This is a GradHacker post by Cory Owen, PhD grad student in Educational Leadership at University of Houston, @coowen
Often there is a lot of discussion on protecting the identity of our subjects when we do our research. The IRB focuses on the protection of both the subjects and the institution to a great extent, but what about the researcher? In the Terry Arendell paper about the difficulties she found in her interviews men, the topic of safety in the field is discussed at length. It important to note that while this particular example discussed the dangers of women being alone while interview men, this does not mean that other gender interactions won't lead to dangerous situations.
As I get closer to D Day (Dissertation Day), I gone thought through some plans of action to ensure my safety. Now, my topic will be pretty tame--I won't be going into crack houses  or spending all my time with strippers , nevertheless, I tend to be overly cautious--I blame it on being the oldest of three girls.
You may be able to prepare for some of the dangers that you encounter during your interviews, but it'll depend on your unique situation. Can you meet your subjects in a public space while maintaining their anonymity? Do you have a buddy system where you have a friend call you at a scheduled time to ensure you're okay? (This may be a good time to implement a safety word--mine is "pineapple" from this awesomely hilarious clip .)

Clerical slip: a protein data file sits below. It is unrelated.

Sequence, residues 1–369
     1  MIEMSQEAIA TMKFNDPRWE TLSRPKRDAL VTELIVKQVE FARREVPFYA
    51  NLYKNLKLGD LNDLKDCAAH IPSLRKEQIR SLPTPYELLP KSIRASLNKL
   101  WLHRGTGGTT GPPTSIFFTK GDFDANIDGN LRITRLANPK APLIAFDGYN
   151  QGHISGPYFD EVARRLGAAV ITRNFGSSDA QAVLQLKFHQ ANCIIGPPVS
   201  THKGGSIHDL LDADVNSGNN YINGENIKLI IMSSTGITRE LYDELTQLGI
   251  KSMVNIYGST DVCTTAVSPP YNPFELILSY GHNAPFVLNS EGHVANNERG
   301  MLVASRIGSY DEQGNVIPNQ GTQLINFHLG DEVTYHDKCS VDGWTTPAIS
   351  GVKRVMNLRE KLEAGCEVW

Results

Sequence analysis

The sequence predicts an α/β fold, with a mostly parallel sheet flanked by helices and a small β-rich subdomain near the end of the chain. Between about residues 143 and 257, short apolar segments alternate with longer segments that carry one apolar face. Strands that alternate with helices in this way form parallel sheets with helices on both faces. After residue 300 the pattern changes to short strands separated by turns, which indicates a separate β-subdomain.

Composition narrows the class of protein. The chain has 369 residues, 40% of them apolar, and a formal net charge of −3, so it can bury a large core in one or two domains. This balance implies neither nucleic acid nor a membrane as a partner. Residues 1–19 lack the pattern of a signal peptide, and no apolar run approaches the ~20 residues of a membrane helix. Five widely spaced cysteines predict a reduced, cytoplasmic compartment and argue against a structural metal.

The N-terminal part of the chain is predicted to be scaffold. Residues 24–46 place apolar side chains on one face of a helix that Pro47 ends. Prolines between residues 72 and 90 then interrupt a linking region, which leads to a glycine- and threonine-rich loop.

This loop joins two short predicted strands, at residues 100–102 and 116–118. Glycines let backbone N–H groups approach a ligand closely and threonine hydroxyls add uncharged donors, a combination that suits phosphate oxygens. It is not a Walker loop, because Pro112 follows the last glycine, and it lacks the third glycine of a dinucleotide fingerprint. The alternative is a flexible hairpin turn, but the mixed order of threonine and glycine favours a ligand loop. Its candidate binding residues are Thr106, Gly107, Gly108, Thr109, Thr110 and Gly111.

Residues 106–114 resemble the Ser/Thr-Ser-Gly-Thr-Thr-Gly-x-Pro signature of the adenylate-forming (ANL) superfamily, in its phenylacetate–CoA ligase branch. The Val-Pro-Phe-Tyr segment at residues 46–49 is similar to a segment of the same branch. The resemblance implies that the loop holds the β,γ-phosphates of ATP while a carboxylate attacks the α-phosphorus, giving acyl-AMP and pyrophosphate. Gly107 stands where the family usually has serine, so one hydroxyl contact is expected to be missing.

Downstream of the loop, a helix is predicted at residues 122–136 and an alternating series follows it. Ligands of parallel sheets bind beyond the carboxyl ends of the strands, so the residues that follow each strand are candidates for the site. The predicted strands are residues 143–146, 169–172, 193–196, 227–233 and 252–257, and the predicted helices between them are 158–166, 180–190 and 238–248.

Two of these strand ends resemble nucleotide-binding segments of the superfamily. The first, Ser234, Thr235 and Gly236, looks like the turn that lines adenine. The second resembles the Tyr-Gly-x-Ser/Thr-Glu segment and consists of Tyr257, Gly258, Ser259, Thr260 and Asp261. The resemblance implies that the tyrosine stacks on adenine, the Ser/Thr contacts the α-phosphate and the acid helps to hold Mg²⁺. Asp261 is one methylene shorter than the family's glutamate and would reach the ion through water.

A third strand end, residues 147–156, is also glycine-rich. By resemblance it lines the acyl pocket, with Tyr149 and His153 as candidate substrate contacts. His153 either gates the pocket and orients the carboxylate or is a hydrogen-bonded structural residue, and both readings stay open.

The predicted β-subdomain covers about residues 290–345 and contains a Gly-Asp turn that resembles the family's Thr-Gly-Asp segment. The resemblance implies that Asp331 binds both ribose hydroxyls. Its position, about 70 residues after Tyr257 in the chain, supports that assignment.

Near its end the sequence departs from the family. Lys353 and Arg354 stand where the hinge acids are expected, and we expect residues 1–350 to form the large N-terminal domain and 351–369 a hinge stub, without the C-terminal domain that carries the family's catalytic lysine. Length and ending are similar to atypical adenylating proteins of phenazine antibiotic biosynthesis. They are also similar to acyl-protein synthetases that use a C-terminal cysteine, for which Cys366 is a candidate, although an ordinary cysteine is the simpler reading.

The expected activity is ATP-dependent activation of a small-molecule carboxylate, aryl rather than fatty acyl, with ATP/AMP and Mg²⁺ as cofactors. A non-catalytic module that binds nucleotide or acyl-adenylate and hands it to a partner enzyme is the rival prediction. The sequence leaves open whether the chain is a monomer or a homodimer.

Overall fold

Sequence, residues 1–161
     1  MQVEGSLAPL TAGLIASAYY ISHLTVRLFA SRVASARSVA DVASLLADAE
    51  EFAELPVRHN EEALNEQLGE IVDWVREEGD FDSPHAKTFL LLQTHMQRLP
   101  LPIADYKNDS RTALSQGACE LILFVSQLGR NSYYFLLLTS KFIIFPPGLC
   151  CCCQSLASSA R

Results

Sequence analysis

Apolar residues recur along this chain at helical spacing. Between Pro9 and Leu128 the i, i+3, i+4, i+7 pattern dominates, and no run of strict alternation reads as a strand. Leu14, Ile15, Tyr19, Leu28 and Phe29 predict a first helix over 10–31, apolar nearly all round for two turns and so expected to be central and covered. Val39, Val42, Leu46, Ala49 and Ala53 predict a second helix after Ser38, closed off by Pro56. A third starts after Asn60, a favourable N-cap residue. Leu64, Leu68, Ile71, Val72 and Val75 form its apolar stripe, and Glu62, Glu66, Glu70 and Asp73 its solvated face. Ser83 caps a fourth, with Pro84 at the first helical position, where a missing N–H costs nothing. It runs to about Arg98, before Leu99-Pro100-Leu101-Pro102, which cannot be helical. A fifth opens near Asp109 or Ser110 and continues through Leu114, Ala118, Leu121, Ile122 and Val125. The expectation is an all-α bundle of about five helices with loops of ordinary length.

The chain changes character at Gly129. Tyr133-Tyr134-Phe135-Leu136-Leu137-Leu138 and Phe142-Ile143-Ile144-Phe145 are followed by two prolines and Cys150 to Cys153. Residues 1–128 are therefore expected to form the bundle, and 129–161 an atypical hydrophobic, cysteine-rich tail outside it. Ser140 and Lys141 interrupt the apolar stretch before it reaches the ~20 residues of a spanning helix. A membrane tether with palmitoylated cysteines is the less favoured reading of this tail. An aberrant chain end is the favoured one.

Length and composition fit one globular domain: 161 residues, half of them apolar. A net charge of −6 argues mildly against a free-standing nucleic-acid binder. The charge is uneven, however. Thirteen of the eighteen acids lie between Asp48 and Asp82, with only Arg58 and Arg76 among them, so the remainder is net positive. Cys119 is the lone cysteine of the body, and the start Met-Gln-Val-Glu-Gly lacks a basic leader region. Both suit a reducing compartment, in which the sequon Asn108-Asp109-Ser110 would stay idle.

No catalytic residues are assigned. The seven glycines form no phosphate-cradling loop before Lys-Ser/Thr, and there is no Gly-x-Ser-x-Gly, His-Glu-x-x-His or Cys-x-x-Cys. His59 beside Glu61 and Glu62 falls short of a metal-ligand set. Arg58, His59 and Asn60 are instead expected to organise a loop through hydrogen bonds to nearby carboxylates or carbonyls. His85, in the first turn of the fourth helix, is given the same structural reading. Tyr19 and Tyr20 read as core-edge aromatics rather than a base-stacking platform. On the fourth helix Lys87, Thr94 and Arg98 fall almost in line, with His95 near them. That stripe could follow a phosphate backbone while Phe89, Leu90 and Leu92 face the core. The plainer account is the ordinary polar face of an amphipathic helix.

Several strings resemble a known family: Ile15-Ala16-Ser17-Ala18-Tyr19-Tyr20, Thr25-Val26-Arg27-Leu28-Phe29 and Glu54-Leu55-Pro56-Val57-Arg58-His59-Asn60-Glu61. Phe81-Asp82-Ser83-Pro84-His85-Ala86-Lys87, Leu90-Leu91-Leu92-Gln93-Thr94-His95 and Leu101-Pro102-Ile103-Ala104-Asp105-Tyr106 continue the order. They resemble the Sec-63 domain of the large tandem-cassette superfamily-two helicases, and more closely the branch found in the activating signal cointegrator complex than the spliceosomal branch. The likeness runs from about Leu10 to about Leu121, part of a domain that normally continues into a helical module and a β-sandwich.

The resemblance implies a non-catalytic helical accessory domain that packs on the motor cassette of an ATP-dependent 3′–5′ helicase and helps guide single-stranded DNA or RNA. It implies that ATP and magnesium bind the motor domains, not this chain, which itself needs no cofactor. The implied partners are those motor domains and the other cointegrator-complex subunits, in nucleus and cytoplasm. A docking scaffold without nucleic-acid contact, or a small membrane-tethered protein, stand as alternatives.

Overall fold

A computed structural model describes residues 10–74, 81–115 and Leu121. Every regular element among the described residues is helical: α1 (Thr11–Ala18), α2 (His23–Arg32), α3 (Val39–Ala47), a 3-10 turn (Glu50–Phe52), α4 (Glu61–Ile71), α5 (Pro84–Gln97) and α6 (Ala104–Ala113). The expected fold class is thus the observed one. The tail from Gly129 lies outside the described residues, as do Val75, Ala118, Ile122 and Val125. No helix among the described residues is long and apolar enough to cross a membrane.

Somethings may need to be more aggressive. Do you need to carry pepper spray? How will you be seated for the interview? Will there be a table between you and the subject?
Set the location yourself for the interview if at all possible. If nothing else, you'll be more familiar and comfortable in this setting. You can let someone know as a back up where you'll be (though discussion of confidentiality of the subject is of course necessary) or at least choose a time where there will be people in the building. While there may be situations where the subject requests to meet at their house, do so with extreme caution.
I think the best suggestion is to follow your instincts. If something feels off about a situation, don't wait--get out of the situation. In a lot of accounts of dangerous situations, researchers often fall back to the excuse that they don't want to jeopardize their research by cutting an interview short or just not meeting a subject in situations that they're not comfortable in. My bottom line is that if you're not safe, you won't be able to get your research published anyway, so protect yourself first! Cut the interview short if you're uncomfortable.
In such a tech obsessed world, we're rarely without our cell phones, but be sure that it is turned on and fully charged before starting an interview. The police can track most cell phones by GPS in case of emergencies so keep it with you at all times. Similarly, I heard a suggestion of using a Garmin sports watch to track your location in case of emergency.
Hopefully none of us will ever be in the situation where we're in very threatening situations, but it is important to start planning ahead for any issues that may arise. From subtle flirtations to physical assault, knowing where your limits are as a researcher will help you be even more prepared for your interviews.
[Image courtesy of Flickr user star1152  with Creative Commons License]